All of the findings by the Commission are supported by substantial evidence, and these findings, taken as a whole, are adequate to sustain the ultimate conclusion of the Commission that the proposed transaction was consistent with the public interest.
Plaintiff Anderson contends that the Commission's order of September 30, 1955, is unlawful, arbitrary, capricious and void "because it is at complete variance with other findings and orders of the Commission based upon similar facts." It is alleged that the Commission has departed from a line of administrative precedents, consistently adhered to, to the effect that when the Commission finds that a new service would result from the acquisition by one carrier of the operating rights of another, the Commission must further find a "public need" for such service. The courts have many times held that the findings of the Commission may not be attacked because they are inconsistent with findings made in other cases. Georgia Public Service Commission v. U. S., 283 U.S. 765, 775, 51 S. Ct. 619, 75 L. Ed. 1397; Virginian *582 Ry. Co. v. U. S., 272 U.S. 658, 663, 47 S. Ct. 222, 71 L. Ed. 463; Western Paper Makers' Chemical Co. v. U. S., 271 U.S. 268, 271, 46 S. Ct. 500, 70 L. Ed. 941.
It is not entirely manifest that the Commission in the instant case departed from carefully enunciated prior principles. The law is clear, however, that the Interstate Commerce Commission is not required to make findings of public need, inadequacy of existing service, or that a new service was not created by an acquisition proceeding involving only motor carriers.
The standard to be applied is "consistent with the public interest." That phrase was construéd by the U. S Court of Appeals for the Ninth Circuit in Pacific Power & Light Co. v. Federal Power Commission, 111 F.2d 1014. The court, loc.cit. 1016, said:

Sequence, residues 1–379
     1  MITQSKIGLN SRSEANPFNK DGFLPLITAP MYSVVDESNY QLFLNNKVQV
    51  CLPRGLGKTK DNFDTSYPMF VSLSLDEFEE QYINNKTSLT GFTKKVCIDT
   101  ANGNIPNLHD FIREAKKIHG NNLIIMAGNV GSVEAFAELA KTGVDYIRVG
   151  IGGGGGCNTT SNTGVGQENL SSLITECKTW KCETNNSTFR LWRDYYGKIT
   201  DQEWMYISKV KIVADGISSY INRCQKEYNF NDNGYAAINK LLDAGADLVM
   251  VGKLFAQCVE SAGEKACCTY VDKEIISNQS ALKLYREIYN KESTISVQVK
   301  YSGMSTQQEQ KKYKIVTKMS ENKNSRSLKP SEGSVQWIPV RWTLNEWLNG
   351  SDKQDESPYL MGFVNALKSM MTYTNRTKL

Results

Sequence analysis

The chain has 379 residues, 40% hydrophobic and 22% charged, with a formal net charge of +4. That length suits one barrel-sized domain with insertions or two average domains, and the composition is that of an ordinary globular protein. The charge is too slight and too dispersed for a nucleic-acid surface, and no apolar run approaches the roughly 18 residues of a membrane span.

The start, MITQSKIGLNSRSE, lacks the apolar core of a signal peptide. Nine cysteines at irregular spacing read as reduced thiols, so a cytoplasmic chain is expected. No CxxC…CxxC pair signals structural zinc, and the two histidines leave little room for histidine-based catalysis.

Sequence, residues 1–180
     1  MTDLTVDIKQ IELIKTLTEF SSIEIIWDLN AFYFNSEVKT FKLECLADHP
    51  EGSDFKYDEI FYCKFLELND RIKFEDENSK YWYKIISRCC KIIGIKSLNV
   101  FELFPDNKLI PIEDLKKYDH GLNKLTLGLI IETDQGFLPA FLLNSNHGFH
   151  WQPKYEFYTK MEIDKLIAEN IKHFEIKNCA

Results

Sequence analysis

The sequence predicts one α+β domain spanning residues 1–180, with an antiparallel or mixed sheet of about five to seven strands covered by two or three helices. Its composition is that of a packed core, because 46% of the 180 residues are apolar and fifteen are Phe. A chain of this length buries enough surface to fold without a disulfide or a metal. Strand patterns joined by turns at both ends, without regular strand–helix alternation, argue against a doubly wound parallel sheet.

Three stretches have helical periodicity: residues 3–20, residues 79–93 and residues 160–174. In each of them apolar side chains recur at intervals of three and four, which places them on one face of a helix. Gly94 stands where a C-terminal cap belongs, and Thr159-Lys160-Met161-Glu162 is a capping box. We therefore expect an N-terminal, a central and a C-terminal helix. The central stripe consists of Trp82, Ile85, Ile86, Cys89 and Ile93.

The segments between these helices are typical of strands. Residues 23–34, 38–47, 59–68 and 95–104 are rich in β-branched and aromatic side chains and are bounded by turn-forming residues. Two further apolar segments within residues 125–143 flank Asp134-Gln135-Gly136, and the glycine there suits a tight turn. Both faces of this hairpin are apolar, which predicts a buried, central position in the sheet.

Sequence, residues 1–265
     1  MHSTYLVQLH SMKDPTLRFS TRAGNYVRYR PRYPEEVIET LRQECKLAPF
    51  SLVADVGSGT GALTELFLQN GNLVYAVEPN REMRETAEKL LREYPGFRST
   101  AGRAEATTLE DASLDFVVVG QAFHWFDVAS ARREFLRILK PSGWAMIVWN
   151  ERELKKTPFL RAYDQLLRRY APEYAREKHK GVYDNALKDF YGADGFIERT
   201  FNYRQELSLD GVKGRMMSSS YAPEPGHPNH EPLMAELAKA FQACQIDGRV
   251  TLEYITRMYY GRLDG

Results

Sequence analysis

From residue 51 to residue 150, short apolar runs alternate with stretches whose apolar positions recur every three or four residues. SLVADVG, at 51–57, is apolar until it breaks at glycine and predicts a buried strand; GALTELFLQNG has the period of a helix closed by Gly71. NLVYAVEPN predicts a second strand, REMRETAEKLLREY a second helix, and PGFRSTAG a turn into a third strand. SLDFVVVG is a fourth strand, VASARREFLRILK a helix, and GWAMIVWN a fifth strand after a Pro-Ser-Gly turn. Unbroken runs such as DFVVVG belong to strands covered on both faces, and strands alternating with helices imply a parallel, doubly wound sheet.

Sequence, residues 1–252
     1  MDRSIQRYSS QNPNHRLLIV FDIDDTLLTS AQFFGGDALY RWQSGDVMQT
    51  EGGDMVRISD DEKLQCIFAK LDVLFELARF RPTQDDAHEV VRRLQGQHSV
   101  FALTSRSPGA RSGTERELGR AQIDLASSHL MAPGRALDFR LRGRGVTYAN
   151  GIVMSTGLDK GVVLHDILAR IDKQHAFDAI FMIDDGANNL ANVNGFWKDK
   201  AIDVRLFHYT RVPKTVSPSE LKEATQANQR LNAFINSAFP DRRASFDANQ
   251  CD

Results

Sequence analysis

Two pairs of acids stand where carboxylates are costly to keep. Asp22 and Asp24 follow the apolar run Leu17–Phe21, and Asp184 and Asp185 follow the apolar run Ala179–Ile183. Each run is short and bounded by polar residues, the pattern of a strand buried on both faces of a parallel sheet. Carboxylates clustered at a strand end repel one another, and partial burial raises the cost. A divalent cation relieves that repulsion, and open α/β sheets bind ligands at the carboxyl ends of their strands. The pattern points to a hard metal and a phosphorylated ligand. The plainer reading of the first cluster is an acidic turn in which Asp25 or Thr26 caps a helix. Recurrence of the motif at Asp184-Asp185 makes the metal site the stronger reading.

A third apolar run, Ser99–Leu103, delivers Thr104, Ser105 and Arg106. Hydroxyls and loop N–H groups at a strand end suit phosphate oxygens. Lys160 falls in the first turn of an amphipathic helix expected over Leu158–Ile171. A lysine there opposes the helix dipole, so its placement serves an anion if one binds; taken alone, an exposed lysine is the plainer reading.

"We think the Commission ascribes a meaning to the statute not borne out by its language. The section provides that `after notice and opportunity for hearing, if the Commission finds that the proposed disposition, consolidation, acquisition, or control will be consistent with the public interest, it shall approve the same.' The phrase `consistent with the public interest' does not connote a public benefit to be derived or suggest the idea of a promotion of the public interest. The thought conveyed is merely one of compatibility. Congress resorted to this language rather than to the use of the stock term `public convenience or necessity', or to such phrases as `in furtherance of' or `will promote the public interest' used in its interstate commerce legislation (later considered); and the language employed ought to be construed to mean no more than it says. It is enough if the applicants show that the proposed merger is compatible with the public interest. The Commission, as a condition of its approval, may not impose a more burdensome requirement in the way of proof than that prescribed by law."
The court noted in the Pacific Power & Light case that the statutory standard of the Federal Power Act, 16 U.S.C.A. § 791a et seq., which it was there interpreting, differed from the standard prescribed by Congress for the Interstate Commerce Commission under Section 5 of the Interstate Commerce Act. At that time, the Interstate Commerce Act required a showing that the proposed acquisition would "promote the public interest", a provision since changed to precisely the language utilized in the Federal Power Act and interpreted by the court in the Pacific Power & Light case.
In M. & M. Transportation Company v. U. S., D.C., 128 F. Supp. 296, a three-judge case, the court held that the Interstate Commerce Commission in an acquisition proceeding involving only motor carriers was not required to make findings of public need, inadequacy of existing service, or that a new service was not created by the acquisition. The court, loc.cit. 299, said:
"* * * by requiring ultimate findings of `public advantage' or `public convenience and necessity' to support similar transactions, Congress by implication has indicated that these findings need not be made in an acquisition proceeding involving only motor carriers. The Supreme Court has several times mentioned other factors which should be reflected in the Commission's basic findings in a § 5 proceeding. New York Central Securities Corp. v. U. S., 1932, 287 U.S. 12, 23, 25, 53 S. Ct. 45, 47, 48, 77 L. Ed. 138 (`economy and efficiency in operation'; `adequacy of transportation service'); McLean Trucking Co. v. U. S., 1944, 321 U.S. 67, 86-88, 64 S. Ct. 370, 88 L. Ed. 544 (improving adequacy of service, but Commission need not find that existing service is inadequate; Commission should consider diminution of competition)."